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No influence of the P-glycoprotein polymorphisms MDR1 G2677T/A and C3435T on the virological and immunological response in treatment naïve HIV-positive patients



In a retrospective study of HIV-infected patients, we investigated the influence of the MDR1 genotype (G2677T/A and C3435T) on the virological and immunological response of treatment naïve patients.


The MDR1 genotype was analysed from 72 patients in whom antiretroviral therapy was initiated between 1998 and 2004. Data were obtained at week 4, 12, 24 and 48 and were analysed by the Kruskal-Wallis test.


During the first 48 weeks of antiretroviral therapy, there were no significant differences in the virological and immunological response with respect to the MDR1 2677 and 3435 genotypes and the 2677/3435 haplotype.


In view of different results from several studies concerning the influence of MDR1 polymorphisms on the immunological and virological response to antiretroviral therapy, further studies with larger patient groups and longer follow-up are necessary in order to resolve conflicting issues.


The P-glycoprotein (P-gp) is an ATP-dependent efflux transporter (ABCB1) encoded by the multidrug resistance gene (MDR1) which extrudes large lipophilic, positvely charged molecules from cells, among them HIV-1 protease inhibitors [1, 2]. P-gp is expressed on a variety of cells including human lymphocytes, the target cells of HIV and of antiretroviral substances [3]. 48 single nucleotide polymorphisms (SNP) have been described so far for the MDR1 gene [4]. Though there is still controversy about the biological relevance of these SNPs, there appears to be an association between specific genotypes and mRNA expression, P-gp expression and/or P-gp function (reviewed in [5, 6]). Recently, Fellay et al. found lower nelfinavir and efavirenz plasma levels associated with the TT genotype of the SNP C3435T in exon 26 and a greater rise of the CD4 cell count 6 months after initiation of antiretroviral therapy in patients with this genotype [7]. However, the mechanisms underlying this observation remain unclear. In contrast to protease inhibitors (PI), non-nucleoside reverse transcriptase inhibitors (NNRTI) such as efavirenz are not substrates of the P-gp. Therefore, it has been speculated that the P-gp may modulate the clinical course of HIV infection independent from its role in drug transport. Indeed, there have been reports showing inhibition of apoptosis and decreased HIV production in cells overexpressing P-gp [812]. However, these observations from in vitro studies have not been confirmed in vivo when the disease progression before treatment was assessed in HIV infected individuals with different MDR1 genotypes [13].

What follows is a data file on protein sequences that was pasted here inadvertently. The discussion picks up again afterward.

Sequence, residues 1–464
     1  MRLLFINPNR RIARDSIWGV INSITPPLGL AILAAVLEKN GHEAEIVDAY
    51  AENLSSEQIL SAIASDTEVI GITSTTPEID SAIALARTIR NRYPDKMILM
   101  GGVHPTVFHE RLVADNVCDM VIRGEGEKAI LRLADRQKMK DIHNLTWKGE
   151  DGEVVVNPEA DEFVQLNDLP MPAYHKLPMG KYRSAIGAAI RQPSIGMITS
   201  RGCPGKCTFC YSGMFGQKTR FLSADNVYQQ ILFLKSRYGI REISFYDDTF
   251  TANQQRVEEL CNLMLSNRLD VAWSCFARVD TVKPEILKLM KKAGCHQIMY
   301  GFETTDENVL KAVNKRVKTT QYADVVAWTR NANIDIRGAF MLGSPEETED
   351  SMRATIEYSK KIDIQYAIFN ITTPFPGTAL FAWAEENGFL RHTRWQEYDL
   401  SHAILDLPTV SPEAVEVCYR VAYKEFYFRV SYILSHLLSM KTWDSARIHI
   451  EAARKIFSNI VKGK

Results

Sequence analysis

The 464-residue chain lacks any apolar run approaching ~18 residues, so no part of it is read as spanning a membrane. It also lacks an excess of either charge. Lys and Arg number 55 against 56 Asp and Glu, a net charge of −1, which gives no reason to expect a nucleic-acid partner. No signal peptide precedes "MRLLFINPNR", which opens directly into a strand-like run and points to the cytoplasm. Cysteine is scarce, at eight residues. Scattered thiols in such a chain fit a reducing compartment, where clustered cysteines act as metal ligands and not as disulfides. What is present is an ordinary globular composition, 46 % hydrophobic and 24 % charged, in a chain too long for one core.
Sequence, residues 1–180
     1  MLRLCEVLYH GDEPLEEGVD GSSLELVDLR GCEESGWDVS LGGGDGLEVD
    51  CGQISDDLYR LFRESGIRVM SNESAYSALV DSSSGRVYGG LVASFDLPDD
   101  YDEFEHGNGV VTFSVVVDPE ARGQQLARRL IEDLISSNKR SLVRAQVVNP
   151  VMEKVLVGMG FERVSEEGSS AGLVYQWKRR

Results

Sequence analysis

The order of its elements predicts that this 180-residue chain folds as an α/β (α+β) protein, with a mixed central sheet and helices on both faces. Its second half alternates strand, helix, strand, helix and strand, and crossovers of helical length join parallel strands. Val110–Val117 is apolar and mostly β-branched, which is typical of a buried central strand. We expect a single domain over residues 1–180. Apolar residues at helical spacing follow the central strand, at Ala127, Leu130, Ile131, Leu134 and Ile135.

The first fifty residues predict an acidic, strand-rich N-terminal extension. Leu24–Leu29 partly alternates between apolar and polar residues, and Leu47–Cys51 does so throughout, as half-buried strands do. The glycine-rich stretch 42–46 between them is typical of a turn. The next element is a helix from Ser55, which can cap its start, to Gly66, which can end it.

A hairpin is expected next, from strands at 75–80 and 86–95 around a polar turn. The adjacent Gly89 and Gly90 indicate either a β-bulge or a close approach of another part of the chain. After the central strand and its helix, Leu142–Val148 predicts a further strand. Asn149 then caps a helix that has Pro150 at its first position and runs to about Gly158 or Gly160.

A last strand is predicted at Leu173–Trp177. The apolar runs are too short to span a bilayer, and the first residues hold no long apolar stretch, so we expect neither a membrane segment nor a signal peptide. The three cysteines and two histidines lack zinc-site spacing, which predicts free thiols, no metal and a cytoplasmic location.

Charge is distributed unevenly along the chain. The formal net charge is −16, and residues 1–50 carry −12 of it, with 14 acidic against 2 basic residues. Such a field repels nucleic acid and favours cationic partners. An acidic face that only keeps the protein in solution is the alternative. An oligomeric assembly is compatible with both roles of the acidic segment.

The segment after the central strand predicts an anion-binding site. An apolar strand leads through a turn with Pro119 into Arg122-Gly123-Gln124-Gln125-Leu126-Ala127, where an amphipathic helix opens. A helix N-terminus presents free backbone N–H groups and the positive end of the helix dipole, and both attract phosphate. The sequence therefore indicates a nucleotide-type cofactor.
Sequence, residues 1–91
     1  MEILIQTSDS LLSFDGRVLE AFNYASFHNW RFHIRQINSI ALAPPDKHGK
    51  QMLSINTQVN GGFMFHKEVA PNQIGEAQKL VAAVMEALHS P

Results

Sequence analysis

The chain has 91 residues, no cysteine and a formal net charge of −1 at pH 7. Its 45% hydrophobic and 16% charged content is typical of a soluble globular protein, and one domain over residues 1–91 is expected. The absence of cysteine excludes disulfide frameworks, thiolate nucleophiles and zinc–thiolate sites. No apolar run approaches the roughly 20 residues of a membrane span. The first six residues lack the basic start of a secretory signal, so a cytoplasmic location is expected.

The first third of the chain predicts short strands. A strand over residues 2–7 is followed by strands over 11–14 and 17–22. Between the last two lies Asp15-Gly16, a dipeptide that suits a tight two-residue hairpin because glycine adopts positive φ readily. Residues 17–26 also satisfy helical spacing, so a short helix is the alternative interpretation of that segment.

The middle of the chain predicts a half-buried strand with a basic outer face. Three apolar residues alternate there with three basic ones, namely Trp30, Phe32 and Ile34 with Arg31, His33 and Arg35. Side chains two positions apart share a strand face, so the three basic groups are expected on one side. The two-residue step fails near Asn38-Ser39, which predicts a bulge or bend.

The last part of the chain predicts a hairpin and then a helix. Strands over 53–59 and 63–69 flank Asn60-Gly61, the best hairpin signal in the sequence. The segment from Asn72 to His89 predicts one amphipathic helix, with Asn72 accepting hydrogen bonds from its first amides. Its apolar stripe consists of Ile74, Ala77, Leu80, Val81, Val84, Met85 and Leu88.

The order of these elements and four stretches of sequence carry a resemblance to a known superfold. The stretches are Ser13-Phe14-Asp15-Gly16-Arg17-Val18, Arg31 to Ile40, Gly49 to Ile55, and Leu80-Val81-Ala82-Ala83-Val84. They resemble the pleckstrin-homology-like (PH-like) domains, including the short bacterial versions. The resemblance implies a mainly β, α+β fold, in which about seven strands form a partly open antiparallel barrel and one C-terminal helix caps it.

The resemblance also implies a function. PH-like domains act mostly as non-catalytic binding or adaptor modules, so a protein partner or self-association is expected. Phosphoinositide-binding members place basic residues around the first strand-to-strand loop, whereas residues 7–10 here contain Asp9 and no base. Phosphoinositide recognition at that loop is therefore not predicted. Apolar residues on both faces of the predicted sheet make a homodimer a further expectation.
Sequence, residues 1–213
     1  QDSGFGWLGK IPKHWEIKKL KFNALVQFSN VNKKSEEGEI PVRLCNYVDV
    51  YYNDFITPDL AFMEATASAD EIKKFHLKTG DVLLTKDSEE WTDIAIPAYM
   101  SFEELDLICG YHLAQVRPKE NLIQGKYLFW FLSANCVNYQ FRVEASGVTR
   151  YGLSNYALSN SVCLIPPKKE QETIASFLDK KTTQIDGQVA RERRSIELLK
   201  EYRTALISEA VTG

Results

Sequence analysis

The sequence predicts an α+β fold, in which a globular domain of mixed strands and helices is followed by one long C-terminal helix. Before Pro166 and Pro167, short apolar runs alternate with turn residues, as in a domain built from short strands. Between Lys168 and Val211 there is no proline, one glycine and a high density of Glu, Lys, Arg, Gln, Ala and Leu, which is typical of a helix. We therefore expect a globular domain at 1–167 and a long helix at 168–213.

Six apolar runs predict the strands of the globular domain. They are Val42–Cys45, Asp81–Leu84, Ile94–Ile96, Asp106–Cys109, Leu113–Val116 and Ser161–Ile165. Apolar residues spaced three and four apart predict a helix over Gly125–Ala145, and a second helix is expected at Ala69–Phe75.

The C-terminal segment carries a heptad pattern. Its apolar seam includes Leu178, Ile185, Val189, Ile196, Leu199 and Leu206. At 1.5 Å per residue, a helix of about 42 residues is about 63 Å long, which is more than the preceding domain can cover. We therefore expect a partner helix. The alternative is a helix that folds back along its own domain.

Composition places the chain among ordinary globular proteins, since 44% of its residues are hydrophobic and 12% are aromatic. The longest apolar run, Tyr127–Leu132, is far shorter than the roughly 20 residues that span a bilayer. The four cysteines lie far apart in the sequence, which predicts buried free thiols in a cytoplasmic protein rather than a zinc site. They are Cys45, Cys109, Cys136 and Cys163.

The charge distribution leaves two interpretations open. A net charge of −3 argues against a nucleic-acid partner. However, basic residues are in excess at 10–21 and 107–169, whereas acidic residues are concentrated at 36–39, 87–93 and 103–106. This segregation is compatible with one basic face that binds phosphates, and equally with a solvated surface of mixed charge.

The genetic variant C3435T in exon 26 is a synonymous polymorphism that does not alter the amino acid sequence. How this variant could affect P-gp expression is still unknown [6]. According to one hypothesis, functional effects of the C3435T SNP may not be genotype- but haplotype-dependent. The exon 26 C3435T polymorphism is in linkage disequlibrium with the polymorphism G2677T in exon 21, which results in the amino acid change Ala893Ser [6]. 2677A leading to Ala893Thr is an infrequent third allel of this SNP. The results of several studies on the functional effects of mutations at position 2677 in exon 21 have shown conflicting results [6].

Because of the unresolved issues surrounding the potential effects of MDR1 polymorphisms and P-gp function in HIV infection, we investigated whether there was an association between the MDR1 polymorphisms 3435 and 2677 and the immunological response in HIV infected individuals after initiation of antiretroviral therapy.



Of the HIV 1 infected patients seen at the Department of Infectious Diseases of the University of Würzburg, Germany, 72 patients (18 women, 54 men; mean age 39.5 years, range: 26 – 59 years; 64 Caucasians, 5 African, 3 Asian), started antiretroviral therapy between 1998 and 2004. The therapy consisted of three nucleoside reverse transcriptase inhibitors (NRTI) (n = 12), two NRTIs plus at least one PI (n = 40; including RTV n = 26) or two NRTIs plus one NNRTI (n = 20). HIV load and CD4 cell count were determined four weeks after initiation of therapy and approximately every three months thereafter. In patients who received NNRTI or PI drugs as part of their therapy, plasma levels were monitored and adjusted to therapeutic drug levels when necessary as previously described [14, 15]. The treatment was based on current international treatment guidelines [16], taking into account individual circumstances of each patient (e.g. known intolerabilities, side-effects of previous therapies, concomitant medication).

The study was in accordance with the Helsinki Declaration and was approved by the local ethics committee. Patients gave informed consent for the study.

Genotype analysis